It's a fact of life; not only does life imitate art, but art imitates the movies.

I'm talking about the USU production of "Crimes of the Heart."I first saw this play in the early 80s, right after Beth Henley won a Pulitzer Prize for it. But since the blockbuster motion picture came out in 1986, the movie version has put a stanglehold on directors, actors and actresses. Most productions - including this one - trade on the movie version, right down to the "freeze-frame" cutting of the birthday cake at the end.

For those without a VCR, "Crimes of the Heart" is the story of three Southern sisters who've been brought together by adversity; younger sister Babe, it seems, has gone and shot her husband. The play is a wonderful blend of Americana and humanity and - to my eye and ear - has not dated at all in over a decade. The drama also has a popular feel about it that almost demands a Hollywood "read-out" line: "You'll laugh, you'll cry, you'll come to love the wonderful Magrath sisters!"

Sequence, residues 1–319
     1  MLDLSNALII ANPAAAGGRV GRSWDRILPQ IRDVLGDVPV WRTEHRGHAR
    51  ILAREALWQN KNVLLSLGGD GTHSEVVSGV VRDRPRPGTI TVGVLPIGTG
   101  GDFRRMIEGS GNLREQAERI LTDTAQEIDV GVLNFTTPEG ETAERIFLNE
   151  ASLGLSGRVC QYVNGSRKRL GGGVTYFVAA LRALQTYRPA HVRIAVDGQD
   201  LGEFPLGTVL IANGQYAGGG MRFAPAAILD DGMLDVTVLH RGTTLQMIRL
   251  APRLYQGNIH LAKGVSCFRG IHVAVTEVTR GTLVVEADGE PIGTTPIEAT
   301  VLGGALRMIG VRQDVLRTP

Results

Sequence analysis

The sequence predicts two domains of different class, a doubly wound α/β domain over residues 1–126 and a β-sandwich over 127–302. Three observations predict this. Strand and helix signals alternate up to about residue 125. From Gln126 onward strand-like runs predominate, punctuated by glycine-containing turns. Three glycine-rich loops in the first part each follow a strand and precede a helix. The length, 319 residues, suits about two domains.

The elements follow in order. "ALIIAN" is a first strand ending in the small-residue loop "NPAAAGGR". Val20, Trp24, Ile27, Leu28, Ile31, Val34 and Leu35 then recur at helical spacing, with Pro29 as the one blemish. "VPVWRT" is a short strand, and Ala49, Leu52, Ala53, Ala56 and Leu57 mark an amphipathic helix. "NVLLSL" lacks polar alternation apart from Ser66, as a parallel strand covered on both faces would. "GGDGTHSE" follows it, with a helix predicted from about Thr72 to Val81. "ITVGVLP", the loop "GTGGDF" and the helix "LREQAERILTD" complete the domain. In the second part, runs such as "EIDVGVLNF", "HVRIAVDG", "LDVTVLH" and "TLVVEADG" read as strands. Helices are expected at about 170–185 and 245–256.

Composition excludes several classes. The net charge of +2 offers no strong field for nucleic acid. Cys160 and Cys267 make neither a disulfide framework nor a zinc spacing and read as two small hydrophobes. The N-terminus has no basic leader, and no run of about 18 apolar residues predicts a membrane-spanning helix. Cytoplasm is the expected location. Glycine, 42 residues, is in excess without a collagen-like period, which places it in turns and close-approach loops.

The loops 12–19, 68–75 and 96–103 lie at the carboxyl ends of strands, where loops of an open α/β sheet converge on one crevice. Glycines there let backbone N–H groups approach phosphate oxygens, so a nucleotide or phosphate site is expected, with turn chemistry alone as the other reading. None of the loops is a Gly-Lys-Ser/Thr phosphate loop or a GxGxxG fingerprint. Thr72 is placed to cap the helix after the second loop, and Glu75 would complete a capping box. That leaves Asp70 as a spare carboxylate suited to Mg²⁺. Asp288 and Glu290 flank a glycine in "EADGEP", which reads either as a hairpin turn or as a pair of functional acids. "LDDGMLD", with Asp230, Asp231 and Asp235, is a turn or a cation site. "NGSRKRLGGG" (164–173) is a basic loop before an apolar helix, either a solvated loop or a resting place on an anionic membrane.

The three principle actresses here are very intense and interesting. Southern accents wobble in and out of tune a bit, but the three women have a chemistry that keeps the pressure on. Yes, there's an awful lot of Diane Keaton in Shellie Harwood's "Lenny," plenty of Jessica Lange in Alyssa Hickman's "Meg" and more than enough spacey Sissy Spacek in Jeanene Bateman's "Babe" - even some Tess Harper in Deanna Sorenson's "Chick" (only Mike Humberstone as Barnette and Ron King as Doc offer truly fresh interpretations); but the borrowed gestures and inflections are not enough to spoil the fun.

Derivative as it is, the play merits your time. A first-rate script by playwright Henley, a first-rate set by Randy Ewing and some deft blocking and pacing by director W. Vosco Call make this a serious piece of theater.

Those who enjoy good plays - and good movies - should get out and support this one.